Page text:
The prolonged action is sometimes necessary in very chronic deep-seated diseases. A few months would exhaust the action of a drug if only one potency was used. Any potency, no matter what it is, high or low, will cease to act after a time. That shows at once the usefulness of knowing about more than one single potency of a medicine. Hahnemann gave us an axiom in this respect; it was “when the remedy ceases to act, give a single dose of Sulphur to awaken the susceptibility.” This would not be so often necessary if the potency was properly varied. It was also more necessary with the earlier practitioners of homoeopathy because they had a limited number of medicines to handle compared to us. I have not used Sulphur as an intercurrent for a long time because the indicated remedy will not so often cease to have a curative effect if the potency is properly varied. I have been told by many homoeopathic physicians that they have used the 3rd, 6th or 12th, and obtained a fair result and then it ceased to act at all. Such prescribers have no range of potency and they fail to make a complete cure. Several times I have seen patients on repeated doses of the right remedy in a low potency make no improvement, simply because their susceptibility to that potency-not to that remedy by any means-had been exhausted. I have taken such patients and without changing the remedy but simply the potency got a curative result.

When a patient returns and upon examination you find the old symptoms still there although the patient says that he or she feels much better, that is not the time for repeating the dose. It is only a question of time when a cure will result. When a patient returns and says that he is losing ground, then it is the remedy that has ceased to act, not the potency. Now you need to hunt up another remedy and not a change of potency. Remember that these things are not as yet matters of law but simply the results of some observation. I have always been interested in experiments and observations upon this question, and there is a great deal of work for all of us to do in this field.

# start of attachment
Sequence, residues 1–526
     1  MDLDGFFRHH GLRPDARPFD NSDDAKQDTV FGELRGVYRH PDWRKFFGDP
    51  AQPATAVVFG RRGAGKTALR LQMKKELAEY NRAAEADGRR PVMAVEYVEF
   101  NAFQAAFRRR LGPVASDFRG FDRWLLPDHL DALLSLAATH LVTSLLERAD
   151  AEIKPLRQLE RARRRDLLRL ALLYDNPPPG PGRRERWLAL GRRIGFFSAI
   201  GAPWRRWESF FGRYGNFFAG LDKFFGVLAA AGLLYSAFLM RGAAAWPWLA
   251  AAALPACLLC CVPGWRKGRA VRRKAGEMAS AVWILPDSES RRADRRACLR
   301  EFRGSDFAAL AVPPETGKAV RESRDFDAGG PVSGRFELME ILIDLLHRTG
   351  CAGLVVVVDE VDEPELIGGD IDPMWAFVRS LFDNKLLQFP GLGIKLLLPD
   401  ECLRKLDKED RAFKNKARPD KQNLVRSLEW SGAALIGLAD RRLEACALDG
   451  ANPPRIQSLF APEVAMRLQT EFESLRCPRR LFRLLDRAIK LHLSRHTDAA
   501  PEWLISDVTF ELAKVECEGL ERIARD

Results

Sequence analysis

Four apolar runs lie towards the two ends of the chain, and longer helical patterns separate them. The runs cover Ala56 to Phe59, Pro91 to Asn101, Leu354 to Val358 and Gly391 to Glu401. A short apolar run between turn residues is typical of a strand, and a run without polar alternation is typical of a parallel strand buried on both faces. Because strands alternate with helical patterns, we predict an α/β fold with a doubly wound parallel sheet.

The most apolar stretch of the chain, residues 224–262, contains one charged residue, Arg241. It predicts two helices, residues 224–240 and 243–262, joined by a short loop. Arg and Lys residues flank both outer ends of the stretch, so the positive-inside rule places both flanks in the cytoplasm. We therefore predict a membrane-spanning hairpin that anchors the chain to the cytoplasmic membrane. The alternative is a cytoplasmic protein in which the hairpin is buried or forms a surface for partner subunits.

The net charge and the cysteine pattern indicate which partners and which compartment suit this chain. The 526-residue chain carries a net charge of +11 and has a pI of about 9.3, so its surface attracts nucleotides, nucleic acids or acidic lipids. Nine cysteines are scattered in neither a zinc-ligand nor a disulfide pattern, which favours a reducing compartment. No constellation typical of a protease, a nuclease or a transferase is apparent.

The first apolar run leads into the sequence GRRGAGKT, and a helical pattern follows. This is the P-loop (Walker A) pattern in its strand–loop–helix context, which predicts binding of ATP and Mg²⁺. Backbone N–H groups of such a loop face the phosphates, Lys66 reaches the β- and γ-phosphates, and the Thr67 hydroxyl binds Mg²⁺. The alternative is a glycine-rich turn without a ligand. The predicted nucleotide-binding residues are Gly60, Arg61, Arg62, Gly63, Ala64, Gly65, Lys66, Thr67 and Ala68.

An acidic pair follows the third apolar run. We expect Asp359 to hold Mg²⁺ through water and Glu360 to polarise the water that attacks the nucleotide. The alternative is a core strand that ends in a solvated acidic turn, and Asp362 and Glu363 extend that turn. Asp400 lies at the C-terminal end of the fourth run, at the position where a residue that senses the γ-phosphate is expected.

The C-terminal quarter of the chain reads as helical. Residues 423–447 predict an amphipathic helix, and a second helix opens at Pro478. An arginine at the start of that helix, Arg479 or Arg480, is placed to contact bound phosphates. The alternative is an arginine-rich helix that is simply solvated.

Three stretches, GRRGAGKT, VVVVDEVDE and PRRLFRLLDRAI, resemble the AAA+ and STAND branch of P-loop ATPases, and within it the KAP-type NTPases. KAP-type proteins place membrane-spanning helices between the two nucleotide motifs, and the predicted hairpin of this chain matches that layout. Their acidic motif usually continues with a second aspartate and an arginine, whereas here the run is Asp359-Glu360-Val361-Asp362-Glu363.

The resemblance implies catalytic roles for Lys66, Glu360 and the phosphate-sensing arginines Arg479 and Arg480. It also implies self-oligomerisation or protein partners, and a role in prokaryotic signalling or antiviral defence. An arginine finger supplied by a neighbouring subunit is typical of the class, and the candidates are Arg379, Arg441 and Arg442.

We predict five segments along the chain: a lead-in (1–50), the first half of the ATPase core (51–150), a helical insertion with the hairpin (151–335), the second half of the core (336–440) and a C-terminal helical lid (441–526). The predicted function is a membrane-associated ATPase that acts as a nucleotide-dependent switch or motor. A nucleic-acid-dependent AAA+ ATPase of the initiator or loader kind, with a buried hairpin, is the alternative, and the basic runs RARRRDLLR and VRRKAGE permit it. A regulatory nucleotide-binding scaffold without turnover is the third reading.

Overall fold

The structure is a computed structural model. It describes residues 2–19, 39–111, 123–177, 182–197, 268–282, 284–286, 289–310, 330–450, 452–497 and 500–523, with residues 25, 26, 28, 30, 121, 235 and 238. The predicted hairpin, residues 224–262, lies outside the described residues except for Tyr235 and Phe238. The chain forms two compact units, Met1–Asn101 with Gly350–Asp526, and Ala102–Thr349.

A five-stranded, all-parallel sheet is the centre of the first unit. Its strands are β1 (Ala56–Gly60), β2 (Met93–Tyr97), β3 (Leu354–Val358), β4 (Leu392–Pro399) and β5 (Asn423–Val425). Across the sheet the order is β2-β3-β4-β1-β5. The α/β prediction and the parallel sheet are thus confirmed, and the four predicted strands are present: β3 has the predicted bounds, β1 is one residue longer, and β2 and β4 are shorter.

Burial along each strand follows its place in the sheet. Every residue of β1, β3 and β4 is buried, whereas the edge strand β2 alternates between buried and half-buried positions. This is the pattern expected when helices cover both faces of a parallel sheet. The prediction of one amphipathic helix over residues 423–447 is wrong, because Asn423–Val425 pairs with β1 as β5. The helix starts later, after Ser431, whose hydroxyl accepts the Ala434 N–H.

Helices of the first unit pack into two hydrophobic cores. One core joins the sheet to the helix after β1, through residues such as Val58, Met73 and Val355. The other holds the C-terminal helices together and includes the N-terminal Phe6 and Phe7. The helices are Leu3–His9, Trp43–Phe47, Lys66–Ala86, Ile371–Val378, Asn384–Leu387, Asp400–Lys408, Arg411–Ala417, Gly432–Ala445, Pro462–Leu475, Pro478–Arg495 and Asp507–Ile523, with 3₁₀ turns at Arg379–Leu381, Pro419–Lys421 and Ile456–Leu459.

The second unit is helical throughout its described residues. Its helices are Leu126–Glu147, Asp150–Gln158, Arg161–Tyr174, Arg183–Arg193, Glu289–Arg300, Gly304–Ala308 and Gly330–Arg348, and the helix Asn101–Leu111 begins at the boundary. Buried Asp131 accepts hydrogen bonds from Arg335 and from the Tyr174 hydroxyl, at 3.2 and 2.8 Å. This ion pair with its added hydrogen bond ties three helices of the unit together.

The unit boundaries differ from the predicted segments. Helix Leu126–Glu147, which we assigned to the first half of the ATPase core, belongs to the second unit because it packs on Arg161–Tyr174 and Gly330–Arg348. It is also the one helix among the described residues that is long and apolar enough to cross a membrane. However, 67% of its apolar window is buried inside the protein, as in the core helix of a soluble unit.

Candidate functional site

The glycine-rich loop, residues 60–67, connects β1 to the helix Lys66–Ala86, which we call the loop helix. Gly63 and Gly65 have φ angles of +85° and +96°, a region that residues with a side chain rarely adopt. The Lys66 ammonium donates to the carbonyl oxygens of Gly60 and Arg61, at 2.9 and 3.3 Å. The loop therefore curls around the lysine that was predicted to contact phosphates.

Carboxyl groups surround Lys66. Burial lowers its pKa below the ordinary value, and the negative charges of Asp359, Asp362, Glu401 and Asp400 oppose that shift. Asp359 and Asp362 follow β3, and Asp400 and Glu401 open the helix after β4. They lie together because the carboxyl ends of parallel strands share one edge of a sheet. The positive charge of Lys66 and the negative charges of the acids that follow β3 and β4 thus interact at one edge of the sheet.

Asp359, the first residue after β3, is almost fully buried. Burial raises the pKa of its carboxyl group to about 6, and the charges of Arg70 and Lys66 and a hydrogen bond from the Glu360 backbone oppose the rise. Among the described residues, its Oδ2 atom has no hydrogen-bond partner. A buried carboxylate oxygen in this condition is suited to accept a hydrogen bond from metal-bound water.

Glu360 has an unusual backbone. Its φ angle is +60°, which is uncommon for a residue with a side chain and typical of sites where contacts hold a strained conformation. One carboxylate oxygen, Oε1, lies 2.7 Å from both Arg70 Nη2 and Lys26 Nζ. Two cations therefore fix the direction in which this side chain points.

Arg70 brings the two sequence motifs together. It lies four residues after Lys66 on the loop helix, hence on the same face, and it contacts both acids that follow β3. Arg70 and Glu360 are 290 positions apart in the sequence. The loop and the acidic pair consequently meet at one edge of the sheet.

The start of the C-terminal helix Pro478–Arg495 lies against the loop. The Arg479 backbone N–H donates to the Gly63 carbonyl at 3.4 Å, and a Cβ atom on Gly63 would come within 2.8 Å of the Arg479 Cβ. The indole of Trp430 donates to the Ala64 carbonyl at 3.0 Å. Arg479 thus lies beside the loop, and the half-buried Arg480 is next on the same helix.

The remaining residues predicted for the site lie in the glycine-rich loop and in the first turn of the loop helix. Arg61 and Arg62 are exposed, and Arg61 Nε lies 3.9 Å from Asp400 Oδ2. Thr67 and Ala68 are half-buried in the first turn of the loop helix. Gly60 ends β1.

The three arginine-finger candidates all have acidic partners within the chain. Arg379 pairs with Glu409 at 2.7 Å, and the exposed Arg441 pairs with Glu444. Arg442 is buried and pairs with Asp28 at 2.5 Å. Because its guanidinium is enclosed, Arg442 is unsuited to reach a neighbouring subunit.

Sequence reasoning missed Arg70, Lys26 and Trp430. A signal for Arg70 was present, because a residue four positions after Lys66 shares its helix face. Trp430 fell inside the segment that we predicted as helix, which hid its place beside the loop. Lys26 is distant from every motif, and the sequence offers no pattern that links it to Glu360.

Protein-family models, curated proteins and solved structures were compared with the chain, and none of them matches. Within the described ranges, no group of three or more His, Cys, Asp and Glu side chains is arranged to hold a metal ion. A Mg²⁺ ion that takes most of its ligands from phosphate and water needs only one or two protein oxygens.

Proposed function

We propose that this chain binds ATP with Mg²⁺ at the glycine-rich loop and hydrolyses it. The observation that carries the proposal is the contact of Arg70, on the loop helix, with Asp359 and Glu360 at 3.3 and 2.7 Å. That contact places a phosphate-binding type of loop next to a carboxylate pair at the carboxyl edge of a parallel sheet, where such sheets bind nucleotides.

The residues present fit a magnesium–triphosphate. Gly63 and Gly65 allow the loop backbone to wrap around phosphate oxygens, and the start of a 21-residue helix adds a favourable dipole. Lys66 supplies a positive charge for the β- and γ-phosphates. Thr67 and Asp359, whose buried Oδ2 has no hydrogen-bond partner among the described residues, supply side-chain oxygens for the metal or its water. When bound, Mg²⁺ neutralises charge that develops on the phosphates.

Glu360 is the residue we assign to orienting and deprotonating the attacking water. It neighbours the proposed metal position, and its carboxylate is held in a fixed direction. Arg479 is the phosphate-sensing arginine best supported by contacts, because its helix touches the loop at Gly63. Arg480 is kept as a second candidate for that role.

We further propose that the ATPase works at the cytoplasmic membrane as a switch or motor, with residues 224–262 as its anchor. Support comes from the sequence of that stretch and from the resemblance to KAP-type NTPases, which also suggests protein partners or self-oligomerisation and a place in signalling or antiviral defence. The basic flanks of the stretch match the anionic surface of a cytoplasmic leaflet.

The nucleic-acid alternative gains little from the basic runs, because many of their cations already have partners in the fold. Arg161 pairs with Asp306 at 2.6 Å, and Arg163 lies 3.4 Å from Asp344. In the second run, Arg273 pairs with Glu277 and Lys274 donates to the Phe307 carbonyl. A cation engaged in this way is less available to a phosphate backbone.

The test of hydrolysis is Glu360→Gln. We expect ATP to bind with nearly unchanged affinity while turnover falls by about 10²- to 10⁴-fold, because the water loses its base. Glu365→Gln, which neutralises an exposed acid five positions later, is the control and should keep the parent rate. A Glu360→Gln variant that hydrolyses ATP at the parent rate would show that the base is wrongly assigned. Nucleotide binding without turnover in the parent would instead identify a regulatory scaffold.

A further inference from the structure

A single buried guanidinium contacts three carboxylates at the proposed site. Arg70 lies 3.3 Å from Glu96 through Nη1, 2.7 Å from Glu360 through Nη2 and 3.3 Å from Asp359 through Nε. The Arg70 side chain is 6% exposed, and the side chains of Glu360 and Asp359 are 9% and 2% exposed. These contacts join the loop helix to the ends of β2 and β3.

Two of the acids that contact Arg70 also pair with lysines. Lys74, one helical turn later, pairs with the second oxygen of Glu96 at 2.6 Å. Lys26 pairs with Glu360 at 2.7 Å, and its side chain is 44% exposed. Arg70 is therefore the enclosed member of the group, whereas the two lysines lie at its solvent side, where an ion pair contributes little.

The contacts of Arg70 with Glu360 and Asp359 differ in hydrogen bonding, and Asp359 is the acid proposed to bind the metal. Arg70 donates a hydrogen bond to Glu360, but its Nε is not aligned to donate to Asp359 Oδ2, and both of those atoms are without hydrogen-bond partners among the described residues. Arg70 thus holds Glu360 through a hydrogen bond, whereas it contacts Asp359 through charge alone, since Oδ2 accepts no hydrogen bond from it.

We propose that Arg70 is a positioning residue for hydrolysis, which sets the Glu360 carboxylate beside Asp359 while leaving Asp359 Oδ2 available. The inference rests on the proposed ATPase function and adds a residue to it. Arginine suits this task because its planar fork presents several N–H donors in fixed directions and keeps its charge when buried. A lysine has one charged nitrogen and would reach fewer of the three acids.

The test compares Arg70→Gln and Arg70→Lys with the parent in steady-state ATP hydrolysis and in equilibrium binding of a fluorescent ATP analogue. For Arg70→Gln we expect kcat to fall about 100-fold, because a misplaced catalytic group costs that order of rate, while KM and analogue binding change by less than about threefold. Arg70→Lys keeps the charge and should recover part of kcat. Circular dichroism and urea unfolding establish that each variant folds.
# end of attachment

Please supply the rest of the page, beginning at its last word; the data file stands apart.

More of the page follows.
Of course it is only the men who grew close to the line that can furnish observations of value. I am always willing and glad to listen to such a man’s experience with the greatest interest. One of the important uses of a society like this is to bring out the experience and observation of trained men such as make up the bulk of its members.

James Tyler Kent
James Tyler Kent (1849–1916) was an American physician. Prior to his involvement with homeopathy, Kent had practiced conventional medicine in St. Louis, Missouri. He discovered and "converted" to homeopathy as a result of his wife's recovery from a serious ailment using homeopathic methods.
In 1881, Kent accepted a position as professor of anatomy at the Homeopathic College of Missouri, an institution with which he remained affiliated until 1888. In 1890, Kent moved to Pennsylvania to take a position as Dean of Professors at the Post-Graduate Homeopathic Medical School of Philadelphia. In 1897 Kent published his magnum opus, Repertory of the Homœopathic Materia Medica. Kent moved to Chicago in 1903, where he taught at Hahnemann Medical College.